We therefore recommend approval of the bond, which is estimated to cost the owner of a $100,000 property about $9.26 annually over 10 years.
All three bonds, totaling $258,759,165, are estimated to cost the owner of a $100,000 property an annual average of $11.13.
Bernalillo County General Obligation Bonds — For
In the 23 years Clay Campbell has been employed with Bernalillo County, voters have never rejected a general obligation bond package to help fund capital improvements. Campbell, now the chief of staff for the Bernalillo County executive and who oversees the planning portion of the county’s capital improvement plan, says strong messaging in two areas seems to resonate with voters: The bond money is part of a “scaffolding” strategy to attract state capital outlay funds and federal grants for big-ticket projects, and bond approval doesn’t increase taxes.
Bernalillo County has more than $584 million of unfunded projects in its Capital Improvement Plan. The 2022 bond package is $40.5 million and will be leveraged with state, local and federal funding sources to address needs in six areas:
- Libraries, $1.5 million
- Public safety, fleet and facilities, $12.9 million
- Parks and recreation, $11 million
- Transportation, $10.2 million
- Storm drainage and utilities, $4.4 million
- Housing, $425,000
Each of the six areas is addressed in a separate general obligation bond question on the fall ballot.
Most of the bond proceeds are for maintenance or improvements, but $5 million would go toward a new fire station on Edith Boulevard NE; $2 million for a BCSO substation at Eubank and Holly NE; and $4 million for design and construction of a new outdoor pool at the Raymond G. Sanchez Community Center in the North Valley.
We’ve seen the project list and, in our opinion, it represents reasonable investments — with a familiar exception. Using long-term debt retirement as a means to replace sheriff’s vehicles and the county’s heavy equipment seems fiscally imprudent. But it’s allowable by law and we won’t condemn the entire package over a single sticking point. See the breakdown of projects and costs at bernco.gov/capital-improvement-program/general-obligation-bonds/.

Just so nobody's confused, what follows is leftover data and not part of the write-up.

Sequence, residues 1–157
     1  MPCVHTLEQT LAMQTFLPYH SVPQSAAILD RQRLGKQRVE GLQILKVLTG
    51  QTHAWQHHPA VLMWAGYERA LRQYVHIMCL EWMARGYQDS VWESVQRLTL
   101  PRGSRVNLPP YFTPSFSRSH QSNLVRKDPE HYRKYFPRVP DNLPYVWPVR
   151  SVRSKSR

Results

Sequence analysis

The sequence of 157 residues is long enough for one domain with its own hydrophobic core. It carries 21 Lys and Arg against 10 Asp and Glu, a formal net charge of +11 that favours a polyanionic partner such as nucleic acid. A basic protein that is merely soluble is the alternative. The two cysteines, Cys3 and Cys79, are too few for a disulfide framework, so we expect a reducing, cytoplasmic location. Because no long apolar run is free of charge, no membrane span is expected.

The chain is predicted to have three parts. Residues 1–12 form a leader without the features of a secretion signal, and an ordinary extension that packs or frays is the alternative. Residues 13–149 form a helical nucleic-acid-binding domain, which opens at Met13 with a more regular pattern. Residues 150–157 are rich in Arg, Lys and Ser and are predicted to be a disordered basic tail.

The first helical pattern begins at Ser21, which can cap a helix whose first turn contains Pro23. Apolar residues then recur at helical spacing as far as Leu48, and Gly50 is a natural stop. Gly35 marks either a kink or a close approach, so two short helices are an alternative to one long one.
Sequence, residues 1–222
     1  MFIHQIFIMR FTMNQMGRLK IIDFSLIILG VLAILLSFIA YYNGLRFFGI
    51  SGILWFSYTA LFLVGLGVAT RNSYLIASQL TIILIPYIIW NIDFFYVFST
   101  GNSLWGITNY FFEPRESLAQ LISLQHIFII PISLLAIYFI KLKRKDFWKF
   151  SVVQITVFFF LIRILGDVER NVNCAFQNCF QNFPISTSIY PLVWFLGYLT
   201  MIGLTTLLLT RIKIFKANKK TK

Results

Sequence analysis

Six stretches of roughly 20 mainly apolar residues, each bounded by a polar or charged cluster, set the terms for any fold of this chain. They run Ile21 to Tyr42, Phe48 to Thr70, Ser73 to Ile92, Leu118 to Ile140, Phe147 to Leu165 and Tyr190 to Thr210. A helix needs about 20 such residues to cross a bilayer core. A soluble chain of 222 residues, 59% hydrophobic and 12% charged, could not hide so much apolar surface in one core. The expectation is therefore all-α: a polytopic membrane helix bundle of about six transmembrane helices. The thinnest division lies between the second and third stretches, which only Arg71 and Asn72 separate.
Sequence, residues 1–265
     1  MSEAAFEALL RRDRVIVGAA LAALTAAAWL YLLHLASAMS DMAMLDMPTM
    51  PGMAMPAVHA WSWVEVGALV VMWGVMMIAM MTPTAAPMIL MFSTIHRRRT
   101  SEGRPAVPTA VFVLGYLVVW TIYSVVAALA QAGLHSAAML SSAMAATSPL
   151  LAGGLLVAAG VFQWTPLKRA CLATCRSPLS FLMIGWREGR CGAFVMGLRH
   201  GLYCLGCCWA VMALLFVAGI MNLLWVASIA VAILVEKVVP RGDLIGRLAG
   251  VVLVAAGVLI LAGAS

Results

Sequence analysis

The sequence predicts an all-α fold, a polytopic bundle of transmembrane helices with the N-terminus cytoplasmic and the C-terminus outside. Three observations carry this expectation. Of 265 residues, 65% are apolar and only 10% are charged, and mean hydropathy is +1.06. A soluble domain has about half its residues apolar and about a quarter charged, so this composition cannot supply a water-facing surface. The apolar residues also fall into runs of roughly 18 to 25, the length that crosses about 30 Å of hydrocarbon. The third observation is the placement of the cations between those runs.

The projects not only improve quality of life in Bernalillo County, but create construction jobs and contribute to economic activity.
While Bernalillo County could bond for a higher dollar value, it doesn’t so that debt service remains manageable. Voter approval of the bonds would not result in higher property tax rates because the debt service for the new bonds would replace prior bonds. For every $100,000 of assessed value, $42.13 of a property owner’s tax bill would go toward debt service.
We urge voters to vote for the six questions that make up this year’s Bernalillo County bond package.
Albuquerque Metropolitan Arroyo Flood Control Authority — Yes
At the bottom of this year’s ballot is the bond question for the Albuquerque Metropolitan Arroyo Flood Control Authority (AMAFCA).
Anyone who’s lived in Albuquerque for more than one monsoon season understands the importance of flood control. AMAFCA is the quiet player behind the scenes identifying priorities and building out the infrastructure to channel runoff water safely through the Metro area. AMAFCA builds and maintains dams, spillways, pump stations, surge ponds, levees and drainage systems.
Voters are being asked to approve $25 million in flood-control bonds to help fund projects throughout the Albuquerque area for the next two years. There is no tax increase as a result of approving these bonds.
Over the last six years, the AMAFCA capital program has contributed $118 million to the local economy, or an average of $19 million dollars a year, funding studies, design and construction of flood control and water quality facilities in the urban area supporting over 800 local jobs.
Currently AMAFCA has $48 million of outstanding debt and has a statutory limit of $80 million. AMAFCA has held its debt service mill levy to 0.675, unchanged since 1999. A home with a market value of $300,000 pays about $68 a year toward AMAFCA’s debt service.
We urge voters to vote “yes” to AMAFCA’s “Flood Control” bond question.
This editorial first appeared in the Albuquerque Journal. It was written by members of the editorial board and is unsigned as it represents the opinion of the newspaper rather than the writers.